Tuesday, December 30, 2014

Into the Woods, a film

Listen, I love movies. And I love Broadway musicals. In the same way, I suppose, that one can love walks in the park and also, deep dish pizza. Both are story-telling entertainments, but distinctly birds of different feathers. I was talking about the recent film, Into the Woods, with someone yesterday and she raised an interesting question: Why make a movie based on a musical? I’ve been thinking about this, and can only guess that the people behind it are like me and love both too. And it seems to me that if you’re going to adapt something from one medium to another, the focus should be on what the new medium can do that the other couldn’t. In the case of film, there’s cinematography, of course, the ability to paint a broader scene than that on a stage. And there’s editing, the honing of moments that’s impossible during a live show. And we get the actors in close-up. Characters in musicals tend to be painted in broad strokes but in a film, we’re able to get closer.

I’ve seen lots of musicals but have never seen a production of Into the Woods. And it’s only now that I’m becoming aware of the uproar about director Rob Marshall’s decisions to cut certain characters and songs and the fear that what he’d give us would be a Disney-approved dumbing-down of a complicated musical containing some dark stuff. Again, I haven’t seen the musical (but I will), so I can’t comment on that. And maybe that’s for the best. Because I loved Into the Woods, the film, and I’m glad, in a way, that I wasn’t distracted by a previous version in another medium. It seemed to me that the filmmakers used every tool in the movie-making box to translate this from stage to screen. The shots in the woods were beautifully and hauntingly done; the scenes had a continuity, one to the next, that felt like a musical. I thought all the actors did a fabulous job. And as fans of the Broadway version already know, all the songs are great. It’s funny and touching and entertaining from start to finish. I saw it with my daughter and a couple of her friends (all twelve years old). The friends weren’t impressed; they thought it boring and long. My daughter loved it but then again, this is the girl who’s seen Wicked four times. If you don’t like musicals will you love the movie? I don’t know. If you love this musical, will you hate the movie? I don’t know. I only know that it was a very enjoyable afternoon for me.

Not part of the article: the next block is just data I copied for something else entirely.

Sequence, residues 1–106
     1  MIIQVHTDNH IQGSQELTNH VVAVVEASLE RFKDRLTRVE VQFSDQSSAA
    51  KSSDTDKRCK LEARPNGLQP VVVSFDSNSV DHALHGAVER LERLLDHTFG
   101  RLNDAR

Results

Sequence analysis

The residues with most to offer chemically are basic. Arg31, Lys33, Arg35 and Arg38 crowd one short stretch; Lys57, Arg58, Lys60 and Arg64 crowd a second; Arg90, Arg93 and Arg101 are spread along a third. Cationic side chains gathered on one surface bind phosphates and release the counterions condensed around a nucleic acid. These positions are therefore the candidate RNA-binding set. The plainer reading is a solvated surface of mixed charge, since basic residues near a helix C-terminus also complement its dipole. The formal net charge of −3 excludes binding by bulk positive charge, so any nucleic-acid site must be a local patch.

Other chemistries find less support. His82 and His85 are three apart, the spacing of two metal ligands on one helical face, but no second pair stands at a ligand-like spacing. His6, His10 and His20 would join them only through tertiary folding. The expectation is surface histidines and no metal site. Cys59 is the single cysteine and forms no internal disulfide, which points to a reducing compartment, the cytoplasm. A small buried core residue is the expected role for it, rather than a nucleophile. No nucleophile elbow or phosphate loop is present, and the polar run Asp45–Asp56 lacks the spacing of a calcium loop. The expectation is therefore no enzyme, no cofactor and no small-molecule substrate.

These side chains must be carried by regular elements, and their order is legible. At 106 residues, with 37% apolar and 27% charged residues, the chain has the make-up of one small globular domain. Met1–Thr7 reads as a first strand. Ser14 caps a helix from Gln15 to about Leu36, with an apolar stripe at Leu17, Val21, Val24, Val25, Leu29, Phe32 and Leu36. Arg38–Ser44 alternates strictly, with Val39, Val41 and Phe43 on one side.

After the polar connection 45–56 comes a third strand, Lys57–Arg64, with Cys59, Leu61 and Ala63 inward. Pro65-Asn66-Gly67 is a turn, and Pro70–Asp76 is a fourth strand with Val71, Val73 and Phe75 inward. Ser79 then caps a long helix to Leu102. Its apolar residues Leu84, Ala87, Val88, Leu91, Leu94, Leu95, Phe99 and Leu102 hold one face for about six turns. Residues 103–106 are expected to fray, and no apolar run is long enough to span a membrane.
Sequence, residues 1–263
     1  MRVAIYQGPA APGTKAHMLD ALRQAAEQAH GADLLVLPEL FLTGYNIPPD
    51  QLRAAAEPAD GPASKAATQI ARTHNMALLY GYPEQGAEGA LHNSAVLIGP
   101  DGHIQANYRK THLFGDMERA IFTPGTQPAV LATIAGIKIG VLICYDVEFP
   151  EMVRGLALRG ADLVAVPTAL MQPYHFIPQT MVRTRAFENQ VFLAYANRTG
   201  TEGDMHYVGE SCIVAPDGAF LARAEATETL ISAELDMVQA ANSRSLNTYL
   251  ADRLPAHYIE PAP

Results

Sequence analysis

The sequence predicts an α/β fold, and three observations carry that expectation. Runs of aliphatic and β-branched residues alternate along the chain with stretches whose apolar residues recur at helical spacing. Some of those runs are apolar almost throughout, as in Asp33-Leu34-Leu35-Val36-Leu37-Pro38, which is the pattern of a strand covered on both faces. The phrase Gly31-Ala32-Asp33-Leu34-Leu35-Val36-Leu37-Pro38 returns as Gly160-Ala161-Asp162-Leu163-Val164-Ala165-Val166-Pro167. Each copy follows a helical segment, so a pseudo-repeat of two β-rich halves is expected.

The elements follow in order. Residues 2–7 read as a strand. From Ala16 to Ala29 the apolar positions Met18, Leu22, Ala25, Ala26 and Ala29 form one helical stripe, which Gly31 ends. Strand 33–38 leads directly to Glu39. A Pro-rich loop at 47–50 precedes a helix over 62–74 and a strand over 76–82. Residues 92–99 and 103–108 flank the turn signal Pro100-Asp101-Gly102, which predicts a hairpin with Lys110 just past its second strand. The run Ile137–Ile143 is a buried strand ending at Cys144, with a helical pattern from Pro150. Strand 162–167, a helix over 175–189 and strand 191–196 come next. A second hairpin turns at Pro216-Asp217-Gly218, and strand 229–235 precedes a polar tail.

Post a Comment

"As soon as we express something, we devalue it strangely. We believe ourselves to have dived down into the depths of the abyss, and when we once again reach the surface, the drops of water on our pale fingertips no longer resemble the ocean from which they came...Nevertheless, the treasure shimmers in the darkness unchanged." ---Franz Kafka